05 July 2013

NSW Health is reminding the public to ‘get tested’, as part of the HIV Strategy 2012-2015 ‘A New Era’, launched in December 2012, which aims to raise awareness and improve health outcomes for people with HIV.

Figures released today by NSW Health reveal a 24 per cent rise in HIV infections in 2012 among NSW residents; 409 NSW residents were newly diagnosed with HIV infection in 2012 compared to 330 in 2011.

The data showed that of the 409 diagnoses in 2012, 81 per cent were acquired by homosexually active men, 14 per cent by heterosexually active persons, and two per cent through sharing injecting equipment.

NSW Health is taking this opportunity to remind the public to stay safe, get tested, get treated and help prevent HIV infection. 

The ‘New Era’ strategy is aimed at driving down HIV infections, and improving health outcomes for individuals with HIV through:

  • reinforcing the importance of condom use
  • earlier detection through increased testing
  • promoting the benefits of early treatment
  • implementing a new advice and support program for doctors and their patients at the time of diagnosis.

Chief Health Officer, Dr Kerry Chant, said, “Since the strategy was introduced six months ago, early indications show an increase in the number of people getting tested for HIV across metropolitan Sydney, with monitoring showing over 190,000 HIV tests conducted in NSW between January and May 2013. This is encouraging, but more work can be done.

“The highest number of HIV infections is seen in people in their thirties, with an increase also reported among people in their twenties as well as those over fifty.

“Although the majority of HIV infections are contracted from male-to-male sex, it’s important to note we have also seen an increase in infections among heterosexual men and women.

“The incidence of HIV infection does fluctuate. While numbers have been steady over the last 15 years, the number of patients newly diagnosed with HIV infection increased in 2012.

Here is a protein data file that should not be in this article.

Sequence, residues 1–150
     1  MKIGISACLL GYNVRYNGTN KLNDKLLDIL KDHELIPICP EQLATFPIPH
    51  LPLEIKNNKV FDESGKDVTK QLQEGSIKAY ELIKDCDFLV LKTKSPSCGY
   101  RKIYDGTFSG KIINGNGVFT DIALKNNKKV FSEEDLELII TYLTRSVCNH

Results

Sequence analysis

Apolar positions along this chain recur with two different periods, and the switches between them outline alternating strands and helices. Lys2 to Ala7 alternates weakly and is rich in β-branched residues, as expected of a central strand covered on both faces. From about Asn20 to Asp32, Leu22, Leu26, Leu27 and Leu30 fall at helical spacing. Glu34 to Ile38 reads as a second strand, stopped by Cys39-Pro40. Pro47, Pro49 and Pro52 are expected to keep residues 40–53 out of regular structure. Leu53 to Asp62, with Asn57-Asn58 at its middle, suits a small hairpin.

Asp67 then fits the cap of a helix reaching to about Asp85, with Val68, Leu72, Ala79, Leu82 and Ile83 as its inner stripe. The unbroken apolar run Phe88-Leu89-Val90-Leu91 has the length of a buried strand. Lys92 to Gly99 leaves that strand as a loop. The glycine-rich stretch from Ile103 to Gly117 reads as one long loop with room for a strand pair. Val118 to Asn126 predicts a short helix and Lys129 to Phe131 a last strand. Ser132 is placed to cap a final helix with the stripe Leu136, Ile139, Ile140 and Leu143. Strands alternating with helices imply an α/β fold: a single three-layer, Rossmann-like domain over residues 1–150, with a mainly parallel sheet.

Dr Chant said, “Early diagnosis allows early treatment. Antiviral treatment not only improves health and lifespan but also reduces the risk of spreading HIV to others. Treatment is now simpler with less severe side effects.

“We have set some challenging targets, including the virtual elimination of HIV transmission in NSW by 2020,” Dr Chant said.

These targets include:

  • increase the proportion of people living with HIV on antiretroviral treatment to 90 per cent
  • reduce the transmission of HIV among gay and other homosexually active men by 60 per cent by 2015, and by 80 per cent by 2020
  • reduce heterosexual transmission of HIV and transmission of HIV among Aboriginal populations by 50 per cent
  • reduce the average time between HIV infection and diagnosis from 4½ years to 1½ years

Dr Chant urged the public to adopt safe practices such as always using a condom and never sharing needles, as the best preventions against contracting HIV and other sexually transmissible infections.

“We are encouraging people to get tested regularly to ensure early detection. Free and confidential testing is available from your GP or local sexual health clinic.

“If you have HIV, starting treatment early has significant individual benefits as well as helping prevent transmission to others” Dr Chant said.

HIV breaks down the immune system’s ability to fight disease and infections. Treatment for HIV, using antiretroviral drugs, controls the virus and limits the amount of damage it can do.

For free and confidential sexual health support and information, call the NSW Sexual Health Infoline on 1800 451 624 (Mon - Fri 9am-5.30pm).

For further information about HIV in NSW visit: http://www.health.nsw.gov.au/endinghiv​​